The State seeks leave in terms of section 310 (1) of the Criminal Procedure Act, Act 51 of 1977, as amended ('the CPA') against the court a quo's decision to discharge the respondent in terms of s 174 of the CPA. The State 's grounds of appeal are mainly premised on the decision of the Court a quo refusing to grant a further postponement.
 Section 168 of the CPA reads as follows:
'A court before which criminal proceedings are pending, may from time to time during such proceedings, if the court deems it necessary or expedient, adjourn the proceedings to any date on the terms which to the court may seem proper and which are not inconsistent with any provision of this Act'.
In addition the court in S v Acheson 1991 NR 1 (HC) at 88-C stated that: 'an adjournment of a criminal trial is not to be had for the asking. It must be motivated in terms of the Criminal Procedure Act on the grounds that it would be necessary or expedient to do so'.
 The issue for determination is therefore whether the Court a quo exercised its discretion in terms of s 168 of the CPA judiciously.
 In the court below the reasons applicant advanced in support of its application for a further postponement were that:
o Negotiations between the Namibian and South African governments were still ongoing for the attendance of the two foreign witnesses. Reasons for the delay as per the State prosecutor were that the witnesses stated they would only testify (a) if the State were to pay for a business class flight ticket in respect of the one witness and (b) would put up the second witness and his family in a five star hotel during his stay in Namibia.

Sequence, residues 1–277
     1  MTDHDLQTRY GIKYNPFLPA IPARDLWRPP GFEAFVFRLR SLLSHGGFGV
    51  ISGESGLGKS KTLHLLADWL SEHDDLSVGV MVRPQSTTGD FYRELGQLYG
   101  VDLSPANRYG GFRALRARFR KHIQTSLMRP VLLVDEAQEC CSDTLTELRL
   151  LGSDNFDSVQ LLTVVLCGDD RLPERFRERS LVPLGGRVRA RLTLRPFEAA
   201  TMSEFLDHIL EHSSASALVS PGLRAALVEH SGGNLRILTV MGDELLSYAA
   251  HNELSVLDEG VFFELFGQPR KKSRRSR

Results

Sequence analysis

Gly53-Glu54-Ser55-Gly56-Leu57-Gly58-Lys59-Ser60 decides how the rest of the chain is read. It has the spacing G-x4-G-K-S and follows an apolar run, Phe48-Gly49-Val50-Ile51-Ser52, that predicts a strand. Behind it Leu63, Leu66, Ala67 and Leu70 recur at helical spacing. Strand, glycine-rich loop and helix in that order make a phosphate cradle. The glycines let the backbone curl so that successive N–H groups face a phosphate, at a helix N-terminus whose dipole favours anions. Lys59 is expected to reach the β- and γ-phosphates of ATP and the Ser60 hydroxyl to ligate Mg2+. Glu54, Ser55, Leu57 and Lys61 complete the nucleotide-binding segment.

o With regards to the Investigating Officer (the 1/0 ), it was stated that the 1/0 was
still ill as he was previously booked off for sick leave and therefor unable to attend court.
 From the record of proceedings it is evident that the State did not lead evidence in support of the application and merely placed the facts stated on record.
 The court a quo refused to further postpone the matter and deemed the State case to be closed. The reason the court a quo gave were that the State witnesseswere trying to keep the Court hostage. In addition, the witnesses were subpoenaed, despite that, they failed to appear before the Court. With regards to the 1/0 the magistrate stated that if he had any interest in the matter he could have sent somebody to come and apply for a postponement on his behalf. Therefore, the court below found that the State 's application was not a proper application and the respondent would be prejudiced by a further postponement.
 In the circumstancesthe State should have made a substantive application for postponement so that they could prove the allegations raised in court and satisfy the trial court that it was necessary or expedient to adjourn the proceedings. Moreover where the accused is faced with serious charges. The court had not been informed of any progress made by the State in securing the attendance of its witnesses at court, and what the prospects are of doing so within a reasonable time. This was particularly necessary where the two witnesses from South Africa indicated their unwillingness to come to Namibia and had set unreasonable conditions.
 In the premise I am satisfied that the court a quo judiciously exercised its discretion in terms of s 168 and that there are no prospects of success on appeal.
 In the result, the application for leave to appeal is refused.